I’m a Skunk

by | May 9, 2015 | Acceptance, Judging, Prejudice

I pulled my car into the garage and stepped outside. It was a beautiful evening.

Stars sparkled in the dark sky, unusual for the area we lived then, which is close to the bright lights of Manhattan and Jersey City.

Instead of going inside, I walked around the corner, away from the streetlight. In the shadows, I looked up. Stars dotted the sky – more than I’d seen since I lived in Nova Scotia, where, free from city lights, the Milky Way cut a wide swath through the darkness overhead.

“Ginny needs to see this.” I thought and turned to go in. In my lower vision, in spite of the darkness, I noticed movement. I paused and looked down. A white line moved inches from my feet.

Fear caused me to hold my breath. The word, “Skunk!” Screamed in my head.

I stood still. “Don’t move a muscle! Maybe it will go away.” I thought to myself. The skunk strolled away from me and entered an area illuminated by the streetlight. I breathed a sigh of relief. It hadn’t seen me.

It was just a baby, maybe a foot long, but it doesn’t take much of a skunk to cause a huge stink. When I thought it was safe, I inched my way along the edge of the house, toward the corner and the safety of my garage.

I was a few feet from the corner when the skunk, who must have sensed me, turned in my direction. We both froze. “Shoo!!” I said, waving my hands. “Go away!” I said sternly, waving my hands at it again.

The young skunk, who apparently didn’t understand English, moved toward me. I backed up. “Sho, little fella. Go away!”

It turned and began to walk away, but as soon as I moved in the direction of the garage, it turned, and once again came at me. Before it got too close, I rounded the corner, and entered the lighted garage.

I peeked out. The little skunk was still coming. “Sho!” I said a final time and dashed to the door leading into the house. I hit the button beside door. The garage creaked and groaned as it closed. “That was close.” I thought to myself.

The next morning, when I came down stairs to get ready for work, Ginny said to me, “Mike, there’s something in the garage. I was down there. Something is scratching around in the corner by the recycling.”

“Skunk!” I said.

“It might be.”

“No! You don’t understand.” I told her the story about the young skunk who tried to attack me the night before. “I bet it followed me into the garage.”

We tip-toed down the steps and opened the door. The scratching came from the far corner of the garage. I reached out and hit the button. The garage door rumbled to life and slowly opened. Sunlight steamed in, lighting the corner where the noise came from. The scratching continued.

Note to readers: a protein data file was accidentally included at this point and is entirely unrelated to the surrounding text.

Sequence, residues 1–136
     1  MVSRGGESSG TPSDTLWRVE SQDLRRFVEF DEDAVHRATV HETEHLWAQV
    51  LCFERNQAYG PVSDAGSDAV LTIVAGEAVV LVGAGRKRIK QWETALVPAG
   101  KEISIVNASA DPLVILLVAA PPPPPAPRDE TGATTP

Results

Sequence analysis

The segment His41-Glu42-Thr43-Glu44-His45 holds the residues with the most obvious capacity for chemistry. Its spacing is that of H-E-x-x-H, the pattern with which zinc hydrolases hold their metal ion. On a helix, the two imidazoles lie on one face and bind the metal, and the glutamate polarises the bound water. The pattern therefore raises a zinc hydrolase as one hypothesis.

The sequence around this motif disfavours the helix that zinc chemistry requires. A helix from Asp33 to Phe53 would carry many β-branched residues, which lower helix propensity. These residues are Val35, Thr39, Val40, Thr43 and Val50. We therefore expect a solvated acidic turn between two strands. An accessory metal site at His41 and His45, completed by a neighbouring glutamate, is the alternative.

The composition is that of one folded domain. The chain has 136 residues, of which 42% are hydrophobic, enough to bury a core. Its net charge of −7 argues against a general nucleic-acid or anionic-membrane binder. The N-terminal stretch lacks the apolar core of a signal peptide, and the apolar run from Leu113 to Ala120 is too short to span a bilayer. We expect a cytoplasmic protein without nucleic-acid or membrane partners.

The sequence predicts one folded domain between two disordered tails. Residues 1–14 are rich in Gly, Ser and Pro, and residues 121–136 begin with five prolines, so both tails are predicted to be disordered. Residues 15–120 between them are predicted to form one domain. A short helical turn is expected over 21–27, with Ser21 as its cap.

I inched toward the noise. It seemed to come from one of my blue recycling containers. I peeked inside. “Uh Oh!”

“What?” Ginny asked.

“I was right. It’s the skunk. It did follow me in. It must have climbed onto the boxes and fallen into the container. The sides are too high for it to get out.”

“What are you going to do?”

“I don’t know. I guess I’ll drag the container outside, roll it over and run.”

I stooped low, kept out of the skunk’s view and aim, and slowly dragged the container across the floor. Like a bomb squad member, trying to cause as little disturbance as possible, I pulled it out the door, across the driveway and into the grass.

“OK! Here we go.” I said to Ginny. I tipped the can on its side and ran back to the garage. Together we watched the skunk waddle out and begin to walk away.

“Michael, it’s just a baby. It’s so cute.”

“Cute? It’s a skunk. Can you imagine what the garage would smell like if it had squirted in there?”

“It’s just a baby. Maybe it wasn’t going to hurt you. You said it was coming at you. If it felt threatened, it would have turned and raised its tail. I think it wanted a friend.”

“You could be right, but I’m not sure I want to take the chance.” I replied.

“If you see it again, just stand there and see what it does.” Ginny said.

“You could be right.”

I never got the chance. A few weeks later, I was walking home from the store.

In the middle of the street was my little skunk. It tried to cross the street and been hit by a car.

With a heavy heart, I continued home. I’d never been sprayed by a skunk and don’t know of anyone who has been. My fear of the little skunk came from stories I’d heard and read. Without any personal experience with skunks, I had a prejudice, which caused me to be afraid of them. The little skunk was too young to have a fear of humans.

It was on its own that night and wanted a friend.

It made me wonder, how many times in my life have I turned my back on someone because of a prejudice created by what others thought?

“Don’t play with him. He’s nothing but trouble.” My friends said.

“I’d stay away from her. She stole my pencil.” A classmate warned.

“He’s strange. He never talks to anyone.” A co-worker said about another.

Those words caused me to be prejudice. Maybe the trouble maker was really calling out for attention. Maybe they needed a friend. The girl who stole the pencil may have been from a poor family and couldn’t afford a new one to replace one she lost.

The co-worker actually turned into a great friend. He was just very shy.

The little skunk was in this world for only a short time, but he changed me. I no longer let the things people say about another to cloud my judgment. I put all prejudices aside and give people the chance to show me who they are. And if anyone ever calls me a skunk, I’m going to take it as a compliment, because maybe I’m just looking to be their friend.

Michael T. Smith heartsandhumor@gmail.com


I’m a Skunk